Original languageEnglish (US)
Pages (from-to)951-960
Number of pages10
JournalJournal of Minimally Invasive Gynecology
Volume22
Issue number6
DOIs
StatePublished - 2015

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Contraception
Multicenter Studies
Hysterosalpingography
Safety
Tubal Sterilization
Pregnancy
Advisory Committees
Pregnancy Rate
Abdominal Pain
Hemorrhage
Equipment and Supplies

Keywords

  • Essure insert
  • Hysteroscopic sterilization
  • Permanent contraception

ASJC Scopus subject areas

  • Obstetrics and Gynecology

Cite this

Hysteroscopic Essure Inserts for Permanent Contraception : Extended Follow-Up Results of a Phase III Multicenter International Study. / Chudnoff, Scott G.; Nichols, John E.; Levie, Mark D.

In: Journal of Minimally Invasive Gynecology, Vol. 22, No. 6, 2015, p. 951-960.

Research output: Contribution to journalArticle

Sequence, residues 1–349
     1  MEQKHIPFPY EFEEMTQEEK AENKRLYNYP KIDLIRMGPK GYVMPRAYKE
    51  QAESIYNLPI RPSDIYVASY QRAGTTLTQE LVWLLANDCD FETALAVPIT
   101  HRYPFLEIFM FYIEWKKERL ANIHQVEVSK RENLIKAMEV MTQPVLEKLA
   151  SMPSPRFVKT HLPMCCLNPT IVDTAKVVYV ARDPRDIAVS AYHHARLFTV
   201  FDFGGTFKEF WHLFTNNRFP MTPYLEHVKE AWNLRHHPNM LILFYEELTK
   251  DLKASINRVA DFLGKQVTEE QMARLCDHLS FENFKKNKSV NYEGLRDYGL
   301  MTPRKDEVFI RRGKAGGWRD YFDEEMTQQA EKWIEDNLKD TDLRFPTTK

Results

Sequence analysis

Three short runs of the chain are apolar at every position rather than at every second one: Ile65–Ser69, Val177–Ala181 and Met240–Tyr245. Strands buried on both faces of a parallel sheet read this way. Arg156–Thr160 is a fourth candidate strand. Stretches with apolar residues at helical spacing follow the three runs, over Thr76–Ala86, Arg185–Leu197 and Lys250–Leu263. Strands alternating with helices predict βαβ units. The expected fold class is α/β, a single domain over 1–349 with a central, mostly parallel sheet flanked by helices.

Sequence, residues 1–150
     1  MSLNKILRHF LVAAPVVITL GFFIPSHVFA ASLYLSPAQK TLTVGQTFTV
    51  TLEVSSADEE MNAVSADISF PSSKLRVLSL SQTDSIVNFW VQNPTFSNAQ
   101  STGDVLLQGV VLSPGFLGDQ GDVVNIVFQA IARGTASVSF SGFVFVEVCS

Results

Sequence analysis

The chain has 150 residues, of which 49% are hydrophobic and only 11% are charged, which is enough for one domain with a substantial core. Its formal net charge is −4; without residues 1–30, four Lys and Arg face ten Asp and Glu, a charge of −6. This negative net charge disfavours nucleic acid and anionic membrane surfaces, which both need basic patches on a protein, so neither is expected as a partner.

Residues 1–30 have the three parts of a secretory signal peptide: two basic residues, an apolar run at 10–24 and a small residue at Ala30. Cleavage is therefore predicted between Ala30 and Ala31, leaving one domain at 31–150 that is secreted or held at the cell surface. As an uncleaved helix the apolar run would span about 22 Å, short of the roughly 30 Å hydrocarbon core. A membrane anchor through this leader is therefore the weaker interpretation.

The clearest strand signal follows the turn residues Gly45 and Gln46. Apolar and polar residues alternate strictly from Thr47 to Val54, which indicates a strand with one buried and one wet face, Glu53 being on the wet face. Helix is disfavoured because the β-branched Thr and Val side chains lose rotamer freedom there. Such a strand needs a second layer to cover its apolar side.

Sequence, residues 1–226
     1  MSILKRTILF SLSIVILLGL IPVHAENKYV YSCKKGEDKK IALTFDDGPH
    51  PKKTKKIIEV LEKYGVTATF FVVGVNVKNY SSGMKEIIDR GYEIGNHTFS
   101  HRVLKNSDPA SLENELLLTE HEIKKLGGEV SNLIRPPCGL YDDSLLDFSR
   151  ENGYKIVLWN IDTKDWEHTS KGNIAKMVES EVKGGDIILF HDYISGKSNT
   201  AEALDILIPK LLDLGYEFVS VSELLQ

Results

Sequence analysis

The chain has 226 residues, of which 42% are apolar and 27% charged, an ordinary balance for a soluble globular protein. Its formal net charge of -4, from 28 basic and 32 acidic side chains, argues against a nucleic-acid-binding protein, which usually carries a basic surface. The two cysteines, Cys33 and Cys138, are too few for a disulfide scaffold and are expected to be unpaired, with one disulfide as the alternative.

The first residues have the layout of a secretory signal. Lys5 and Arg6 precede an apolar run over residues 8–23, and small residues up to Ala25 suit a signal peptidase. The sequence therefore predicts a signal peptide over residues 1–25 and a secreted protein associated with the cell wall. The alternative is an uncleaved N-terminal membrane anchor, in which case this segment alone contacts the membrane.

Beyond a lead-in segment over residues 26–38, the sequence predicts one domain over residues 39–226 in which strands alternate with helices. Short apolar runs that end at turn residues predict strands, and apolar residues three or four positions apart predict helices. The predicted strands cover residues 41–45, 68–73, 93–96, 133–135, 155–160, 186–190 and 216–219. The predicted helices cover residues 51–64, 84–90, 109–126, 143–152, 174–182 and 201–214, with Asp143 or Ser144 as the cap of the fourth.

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N2 - Objective: To describe safety, tolerability, and effectiveness results through 5 years of follow-up of a Phase III trial with Essure inserts. Design: Multicenter, nonrandomized, single-arm international study (Canadian Task Force classification II-3). Setting: Thirteen clinical study centers in the United States, Europe, and Australia. Patients: A total of 518 previously fertile women seeking permanent contraception. Intervention: The objective of the hysteroscopic sterilization procedure was bilateral Essure insert placement (ESS205 model) and tubal occlusion. Women with satisfactory device location and tube occlusion (based on modified hysterosalpingography [HSG]) were instructed to discontinue alternative contraception and to rely on Essure inserts for permanent contraception. Measurements and Main Results: The primary endpoint for the Phase III study was the rate of pregnancies occurring during the first year of relying (i.e., HSG-confirmed occlusion) on the Essure inserts for permanent contraception (i.e., 12 months after HSG). For the full 5 years of follow-up (5 years total of relying on the Essure inserts for contraception), the endpoints of interest were safety, prevention of pregnancy, and satisfaction. No pregnancies were reported among women relying on the Essure inserts who completed the full 5 years of follow-up. As of December 5, 2007, 449 women with successful bilateral placement relying on the Essure inserts contributed a total 24 942 woman-months of follow-up for assessing effectiveness. Overall, the Essure inserts were generally well tolerated, with participant comfort rated as "good" to "excellent" by 99% of women (382 of 385) after 5 years of use. Similarly, overall satisfaction was rated as "somewhat" to "very satisfied" by 98% of women (376 of 384) after 5 years of use. The majority of adverse events reported during the 5 years of follow-up were rated as either "mild" or "moderate" in severity. Three severe events (abdominal pain with very heavy periods and irregular menstrual bleeding) were reported in 2 subjects during follow-up as being "possibly" related to the procedure or the inserts. Conclusion: The findings from extended follow-up of this Phase III trial with Essure inserts further support the effectiveness, tolerability, and satisfaction of this nonhormonal, nonincisional option for permanent contraception.